The goal of any education system is to prepare learners for life and the world of work-preparing them for their futures. In the United States, the education system is no different. Charter schools, private schools, public schools or home schooling, all look to prepare learners for the future.
Education plays an important role in determining how you spend your adult life. Who you will be and what you will do-the role you’ll play in society. The more you learn and the higher the education level, the more you earn– theoretically. That is, in a perfect world.
As a democracy, where the heralded belief that ALL were created equal, there is an implied equity that transcends race, income or location. It assumes that all would be educated and taught under similar, if not the same set of variables.
These include the content taught, and the context of being taught. These include instructional materials which offer, within the diversity of population, the same diversity of instruction. Notwithstanding the core sciences, which are empirically-based, every other subject matter introduced, as part of the standard curriculum, is representative of a corresponding degree of equity.
The concept of equity speaks to fairness as a defining characteristic of education— access and opportunity. Equity is not to be confused with equality, which presumes a ‘level playing field’. Equity, in this sense, recognizes that some require more than others in order to level that field.
In the same way that it is understood that all schools should be equally resourced, it is understood that some schools require more resources in order to be considered an equitable learning environment. In communities of color, a generally poorer population, with under-resourced schools, equity requires additional resources than provided to white, more affluent communities.
The reasoning behind this is that historically, poorer communities were denied access to that which was freely available to those with higher income, and they were intentionally-determined white. Over years, generations, and centuries, poorer communities of color, lagged behind white ones, in practically every area throughout and across the life span.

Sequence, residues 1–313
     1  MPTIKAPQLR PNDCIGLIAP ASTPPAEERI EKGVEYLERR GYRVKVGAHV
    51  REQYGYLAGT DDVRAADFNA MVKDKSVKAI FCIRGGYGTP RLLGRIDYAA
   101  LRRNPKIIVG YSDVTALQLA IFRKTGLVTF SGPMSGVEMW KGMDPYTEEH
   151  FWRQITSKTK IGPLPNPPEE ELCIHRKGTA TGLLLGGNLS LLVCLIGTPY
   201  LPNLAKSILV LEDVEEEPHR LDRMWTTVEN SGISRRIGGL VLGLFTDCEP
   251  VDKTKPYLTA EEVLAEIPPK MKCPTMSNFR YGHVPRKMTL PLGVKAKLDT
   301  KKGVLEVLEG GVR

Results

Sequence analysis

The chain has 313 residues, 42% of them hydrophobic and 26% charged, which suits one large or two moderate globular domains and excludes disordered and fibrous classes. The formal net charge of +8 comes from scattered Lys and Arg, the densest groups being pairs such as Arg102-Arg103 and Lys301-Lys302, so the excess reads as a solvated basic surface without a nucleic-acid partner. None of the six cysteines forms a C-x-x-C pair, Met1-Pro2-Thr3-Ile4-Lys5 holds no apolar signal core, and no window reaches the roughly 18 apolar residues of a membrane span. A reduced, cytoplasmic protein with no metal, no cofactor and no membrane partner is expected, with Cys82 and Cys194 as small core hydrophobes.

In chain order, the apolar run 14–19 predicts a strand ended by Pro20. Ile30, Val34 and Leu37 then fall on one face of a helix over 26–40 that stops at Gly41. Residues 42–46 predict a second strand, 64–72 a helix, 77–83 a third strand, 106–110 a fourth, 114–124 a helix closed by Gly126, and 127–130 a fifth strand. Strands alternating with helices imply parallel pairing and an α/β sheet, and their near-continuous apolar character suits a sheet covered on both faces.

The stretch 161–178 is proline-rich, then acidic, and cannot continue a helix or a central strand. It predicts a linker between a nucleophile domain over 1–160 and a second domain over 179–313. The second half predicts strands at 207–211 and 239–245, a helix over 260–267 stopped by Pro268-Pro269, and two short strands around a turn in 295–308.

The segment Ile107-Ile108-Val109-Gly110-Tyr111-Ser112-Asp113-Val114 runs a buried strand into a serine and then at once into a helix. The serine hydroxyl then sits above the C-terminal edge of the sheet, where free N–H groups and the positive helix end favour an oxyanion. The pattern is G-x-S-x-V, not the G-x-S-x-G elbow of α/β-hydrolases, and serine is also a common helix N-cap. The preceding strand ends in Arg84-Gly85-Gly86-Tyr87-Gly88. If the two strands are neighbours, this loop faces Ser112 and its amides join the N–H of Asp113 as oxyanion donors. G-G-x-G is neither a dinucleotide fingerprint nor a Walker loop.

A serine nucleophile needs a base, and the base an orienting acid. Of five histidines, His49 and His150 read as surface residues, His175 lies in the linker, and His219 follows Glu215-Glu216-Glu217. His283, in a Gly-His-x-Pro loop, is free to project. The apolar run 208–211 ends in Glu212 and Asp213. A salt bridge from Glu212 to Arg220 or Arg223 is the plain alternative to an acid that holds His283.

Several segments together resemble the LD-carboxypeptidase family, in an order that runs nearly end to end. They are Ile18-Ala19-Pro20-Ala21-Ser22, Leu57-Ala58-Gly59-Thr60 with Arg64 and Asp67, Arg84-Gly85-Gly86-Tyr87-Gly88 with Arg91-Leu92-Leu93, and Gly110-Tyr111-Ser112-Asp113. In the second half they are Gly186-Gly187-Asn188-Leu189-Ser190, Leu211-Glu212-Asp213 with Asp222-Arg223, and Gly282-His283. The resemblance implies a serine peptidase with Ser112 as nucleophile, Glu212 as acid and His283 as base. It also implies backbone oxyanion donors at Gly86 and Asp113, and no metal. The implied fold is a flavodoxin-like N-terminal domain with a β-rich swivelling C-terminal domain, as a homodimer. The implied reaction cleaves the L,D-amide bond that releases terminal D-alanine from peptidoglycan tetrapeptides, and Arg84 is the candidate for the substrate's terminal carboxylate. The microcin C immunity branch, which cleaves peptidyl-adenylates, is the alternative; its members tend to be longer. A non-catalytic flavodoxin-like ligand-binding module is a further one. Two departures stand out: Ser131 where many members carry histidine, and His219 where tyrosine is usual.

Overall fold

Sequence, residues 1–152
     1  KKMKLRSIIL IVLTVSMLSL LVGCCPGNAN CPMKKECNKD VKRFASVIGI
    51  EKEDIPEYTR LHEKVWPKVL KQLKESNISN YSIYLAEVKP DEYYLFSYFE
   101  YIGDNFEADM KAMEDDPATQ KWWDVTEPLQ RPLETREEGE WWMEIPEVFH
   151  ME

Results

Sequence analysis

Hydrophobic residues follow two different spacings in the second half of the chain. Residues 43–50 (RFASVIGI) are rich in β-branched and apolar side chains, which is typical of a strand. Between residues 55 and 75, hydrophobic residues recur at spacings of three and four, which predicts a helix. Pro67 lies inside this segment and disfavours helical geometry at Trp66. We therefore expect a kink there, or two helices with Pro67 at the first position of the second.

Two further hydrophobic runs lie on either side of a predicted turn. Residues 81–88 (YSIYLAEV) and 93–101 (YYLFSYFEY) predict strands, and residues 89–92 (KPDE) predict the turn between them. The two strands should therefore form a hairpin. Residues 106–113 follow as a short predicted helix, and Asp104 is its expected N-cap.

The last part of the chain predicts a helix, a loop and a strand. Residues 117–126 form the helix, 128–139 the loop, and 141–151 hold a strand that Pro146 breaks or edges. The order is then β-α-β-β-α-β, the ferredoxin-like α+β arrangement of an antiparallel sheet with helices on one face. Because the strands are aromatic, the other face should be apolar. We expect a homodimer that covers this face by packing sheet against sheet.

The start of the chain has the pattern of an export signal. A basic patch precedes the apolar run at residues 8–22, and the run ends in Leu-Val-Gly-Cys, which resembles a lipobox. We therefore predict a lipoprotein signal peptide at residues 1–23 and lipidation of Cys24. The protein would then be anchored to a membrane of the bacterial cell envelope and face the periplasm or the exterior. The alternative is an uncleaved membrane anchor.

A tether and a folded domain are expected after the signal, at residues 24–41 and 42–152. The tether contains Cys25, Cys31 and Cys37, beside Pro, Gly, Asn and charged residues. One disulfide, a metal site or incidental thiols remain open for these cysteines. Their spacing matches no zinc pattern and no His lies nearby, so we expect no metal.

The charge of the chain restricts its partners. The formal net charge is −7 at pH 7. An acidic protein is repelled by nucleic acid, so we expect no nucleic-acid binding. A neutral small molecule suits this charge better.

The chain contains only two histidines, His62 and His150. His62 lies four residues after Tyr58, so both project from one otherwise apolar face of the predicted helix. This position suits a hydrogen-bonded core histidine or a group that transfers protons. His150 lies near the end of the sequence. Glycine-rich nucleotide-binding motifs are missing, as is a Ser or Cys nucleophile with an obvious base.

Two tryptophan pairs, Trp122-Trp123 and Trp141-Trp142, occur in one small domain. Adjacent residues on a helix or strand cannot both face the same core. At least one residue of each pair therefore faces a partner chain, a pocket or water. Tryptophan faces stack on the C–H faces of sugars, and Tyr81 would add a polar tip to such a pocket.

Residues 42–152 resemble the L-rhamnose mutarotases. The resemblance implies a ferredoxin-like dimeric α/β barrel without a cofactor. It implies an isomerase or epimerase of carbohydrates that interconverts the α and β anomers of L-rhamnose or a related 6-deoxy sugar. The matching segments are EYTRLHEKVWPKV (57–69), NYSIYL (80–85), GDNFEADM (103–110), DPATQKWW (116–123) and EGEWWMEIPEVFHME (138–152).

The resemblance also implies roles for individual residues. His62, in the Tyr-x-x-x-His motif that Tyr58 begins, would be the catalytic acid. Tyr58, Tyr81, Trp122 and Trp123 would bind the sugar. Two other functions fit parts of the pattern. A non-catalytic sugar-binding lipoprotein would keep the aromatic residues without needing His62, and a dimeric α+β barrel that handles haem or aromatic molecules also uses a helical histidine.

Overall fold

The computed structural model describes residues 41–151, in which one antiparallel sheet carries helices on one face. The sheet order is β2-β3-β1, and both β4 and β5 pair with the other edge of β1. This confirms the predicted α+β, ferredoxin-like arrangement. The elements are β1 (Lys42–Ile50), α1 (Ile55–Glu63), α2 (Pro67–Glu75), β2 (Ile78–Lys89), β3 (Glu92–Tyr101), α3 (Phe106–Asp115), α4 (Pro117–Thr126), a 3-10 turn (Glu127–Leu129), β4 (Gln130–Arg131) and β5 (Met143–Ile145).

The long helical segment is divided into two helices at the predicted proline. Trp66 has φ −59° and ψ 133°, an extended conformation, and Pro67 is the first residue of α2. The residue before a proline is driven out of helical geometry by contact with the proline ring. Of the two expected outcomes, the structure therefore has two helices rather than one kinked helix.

In order for schools to boast equity, regarding providing quality education experiences, in poorer communities, it must be evident in the way they purposefully level that playing field. The playing field, in this country, has never been ‘level’, and cannot be so with an act of equalizing resources. However, it is a positive starting point-from this day forward.
Before we are equitable, there is a lot do do, for there is a great gap to be narrowed first. We balk at the idea of approaching children of color from a ‘remedial’ lens, that is actually where society has positioned all people of color in America. Playing catch-up, to approach equity in education, will in fact involve remediation.
Actually, this is not remediation in the context with which it is generally perceived. Remediation assumes that children have had the opportunity to learn certain skills, or acquire knowledge in certain areas, when this type of remediation is an introduction to these skills for the first time. Most children of color are not deficient, and require review of learning. They have never been introduced to it.
Does that mean that they are in need of special education or special attention and instruction. Placing these children in special education programs in school, simply fosters a sense of ‘incompetence’ within the children, along with the heavy burden of stigma.